The Compound Hidden in Apricot Seeds

Apricot seeds, also referred to as bitter almonds, hold a substance called amygdalin. Initially isolated in 1830 by French chemists Pierre-Jean Robiquet and Antoine Boutron-Charlard, amygdalin is a cyanogenic glycoside that can degrade into hydrogen cyanide. While cyanide is toxic, amygdalin’s potential as both a cancer treatment and a nutritional supplement has sparked ongoing research and debate.

Russian scientists first found amygdalin’s possible cancer-fighting properties in 1845. In the 1920s, amygdalin was presented in the United States as “Laetrile”, a semi-synthetic version of the compound. Dr. Ernst T. Krebs Sr. and his son Ernst Theodore Krebs Jr. played a key role in developing and patenting Laetrile in the 1970s. Laetrile gained popularity as an alternative cancer treatment, though its efficacy and safety were controversial. Despite a 1971 effort to patent Laetrile, the FDA did not approve it as there was no scientific evidence it was effective or safe.

Even though Laetrile remains controversial, investigation into amygdalin’s health gains proceeds. Some perceive it as a promising alternative or complementary therapy. Others stay skeptical because of the lack of scientific consensus and possible dangers. As with any supplement or complementary treatment, it is important to contemplate both the potential advantages and risks. See, this website has all the info you need to learn about this amazing product.

Nutritionally, amygdalin degrades into vitamin B17, also termed laetrile. Some assert laetrile aids the immune system and has antioxidant characteristics. However, no scientific evidence confirms it is an essential nutrient. Amygdalin is also being examined for its anti-inflammatory and immune-boosting impacts, though additional studies are still required.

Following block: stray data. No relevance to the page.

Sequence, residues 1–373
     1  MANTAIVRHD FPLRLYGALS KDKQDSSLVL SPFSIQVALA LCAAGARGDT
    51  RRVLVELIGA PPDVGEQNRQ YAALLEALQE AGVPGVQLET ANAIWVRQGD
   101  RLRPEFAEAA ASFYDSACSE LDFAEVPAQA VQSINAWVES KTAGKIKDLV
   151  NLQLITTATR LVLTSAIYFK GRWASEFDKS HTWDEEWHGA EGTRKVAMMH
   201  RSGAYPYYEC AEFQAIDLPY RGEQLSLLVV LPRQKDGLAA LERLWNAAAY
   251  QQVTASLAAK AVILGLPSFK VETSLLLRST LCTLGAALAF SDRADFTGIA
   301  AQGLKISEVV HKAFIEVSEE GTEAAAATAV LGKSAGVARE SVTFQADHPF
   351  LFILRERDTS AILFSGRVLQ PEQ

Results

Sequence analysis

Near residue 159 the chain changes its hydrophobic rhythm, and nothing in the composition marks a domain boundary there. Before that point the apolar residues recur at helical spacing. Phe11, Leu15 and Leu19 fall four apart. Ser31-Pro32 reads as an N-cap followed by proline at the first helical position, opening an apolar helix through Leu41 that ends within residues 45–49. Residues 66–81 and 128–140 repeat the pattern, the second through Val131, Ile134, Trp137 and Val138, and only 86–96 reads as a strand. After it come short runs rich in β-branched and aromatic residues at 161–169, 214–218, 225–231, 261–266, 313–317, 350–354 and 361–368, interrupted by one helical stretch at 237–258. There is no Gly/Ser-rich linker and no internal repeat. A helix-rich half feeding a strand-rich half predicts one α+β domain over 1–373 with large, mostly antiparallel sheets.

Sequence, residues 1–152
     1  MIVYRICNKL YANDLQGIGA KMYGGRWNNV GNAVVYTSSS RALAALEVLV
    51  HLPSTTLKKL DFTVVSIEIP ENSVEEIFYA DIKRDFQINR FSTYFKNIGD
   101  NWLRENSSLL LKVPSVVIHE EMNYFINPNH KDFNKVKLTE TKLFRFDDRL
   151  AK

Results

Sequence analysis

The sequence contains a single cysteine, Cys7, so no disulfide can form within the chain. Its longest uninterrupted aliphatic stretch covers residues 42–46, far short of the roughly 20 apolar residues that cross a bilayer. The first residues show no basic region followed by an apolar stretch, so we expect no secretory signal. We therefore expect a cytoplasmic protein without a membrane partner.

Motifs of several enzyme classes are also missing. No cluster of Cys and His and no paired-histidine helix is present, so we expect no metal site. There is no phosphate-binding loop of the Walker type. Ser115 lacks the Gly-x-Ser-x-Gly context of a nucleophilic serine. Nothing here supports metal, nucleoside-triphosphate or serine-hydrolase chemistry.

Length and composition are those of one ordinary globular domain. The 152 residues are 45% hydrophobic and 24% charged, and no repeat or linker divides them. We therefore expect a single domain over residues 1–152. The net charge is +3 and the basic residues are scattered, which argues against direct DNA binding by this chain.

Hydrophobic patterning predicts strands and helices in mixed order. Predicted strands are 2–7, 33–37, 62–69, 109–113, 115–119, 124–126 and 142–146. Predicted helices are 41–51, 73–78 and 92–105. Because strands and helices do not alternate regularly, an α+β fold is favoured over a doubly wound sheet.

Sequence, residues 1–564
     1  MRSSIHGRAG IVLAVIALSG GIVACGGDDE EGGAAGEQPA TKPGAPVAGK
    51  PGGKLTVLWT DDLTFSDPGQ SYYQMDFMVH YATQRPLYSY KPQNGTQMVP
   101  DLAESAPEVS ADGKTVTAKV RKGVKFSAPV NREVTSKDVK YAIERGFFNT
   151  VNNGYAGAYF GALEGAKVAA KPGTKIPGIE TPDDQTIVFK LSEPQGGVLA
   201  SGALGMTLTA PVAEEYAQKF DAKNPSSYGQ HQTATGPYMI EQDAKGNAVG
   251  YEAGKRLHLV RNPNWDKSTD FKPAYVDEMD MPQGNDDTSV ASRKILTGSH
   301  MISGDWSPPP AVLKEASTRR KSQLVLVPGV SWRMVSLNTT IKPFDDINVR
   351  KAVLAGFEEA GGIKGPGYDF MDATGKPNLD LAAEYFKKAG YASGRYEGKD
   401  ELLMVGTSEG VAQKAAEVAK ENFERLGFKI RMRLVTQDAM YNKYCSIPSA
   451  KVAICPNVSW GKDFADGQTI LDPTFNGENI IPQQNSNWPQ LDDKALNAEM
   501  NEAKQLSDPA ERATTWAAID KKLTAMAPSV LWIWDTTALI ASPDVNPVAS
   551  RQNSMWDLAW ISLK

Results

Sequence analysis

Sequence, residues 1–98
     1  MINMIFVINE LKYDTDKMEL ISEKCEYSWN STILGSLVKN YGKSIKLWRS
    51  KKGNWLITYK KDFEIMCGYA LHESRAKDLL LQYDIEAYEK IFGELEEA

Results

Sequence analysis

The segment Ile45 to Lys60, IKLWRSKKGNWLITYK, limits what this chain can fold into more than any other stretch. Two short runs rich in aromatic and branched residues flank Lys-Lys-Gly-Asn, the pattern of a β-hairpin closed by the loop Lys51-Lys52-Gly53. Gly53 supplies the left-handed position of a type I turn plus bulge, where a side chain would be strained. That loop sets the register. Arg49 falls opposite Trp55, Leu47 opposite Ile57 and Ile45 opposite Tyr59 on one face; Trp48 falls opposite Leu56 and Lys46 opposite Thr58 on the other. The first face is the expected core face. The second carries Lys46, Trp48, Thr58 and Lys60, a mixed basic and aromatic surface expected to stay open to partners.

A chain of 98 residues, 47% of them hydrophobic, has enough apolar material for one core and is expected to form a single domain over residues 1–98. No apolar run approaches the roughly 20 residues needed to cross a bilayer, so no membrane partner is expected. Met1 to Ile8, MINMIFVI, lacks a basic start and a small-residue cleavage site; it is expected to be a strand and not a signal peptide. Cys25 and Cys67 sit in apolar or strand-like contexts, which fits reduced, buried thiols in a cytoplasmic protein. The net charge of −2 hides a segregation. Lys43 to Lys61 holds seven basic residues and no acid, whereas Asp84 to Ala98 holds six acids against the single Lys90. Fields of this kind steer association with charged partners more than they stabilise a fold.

In skin care, amygdalin’s antioxidant properties have led to its use in some facial masks and serums. Proponents believe it may help reduce signs of aging by protecting skin from environmental damage. However, as with internal use, safety concerns surround its breakdown into cyanide when topically applied. Click here for more helpful tips on this company.

Amygdalin’s bitter flavor also positions it as a possible food additive. It has seen some usage to intensify flavors like almonds in baked goods and treats. Some fragrances also contain amygdalin to emulate the odor of bitter almonds.

While research on amygdalin continues, both the benefits and risks remain ambiguous. More evidence is still needed concerning its potential anti-tumor mechanisms. Additionally, oral ingestion poses cyanide poisoning dangers, especially in large amounts. Drug interactions are another concern requiring additional investigation. Overall, amygdalin appears promising yet controversial as either a nutritional supplement or alternative cancer treatment until more is understood about both its effectiveness and safety. Continued unbiased research may help determine whether and how amygdalin could be developed as a viable complementary health solution. Click here to get even more info on the subject!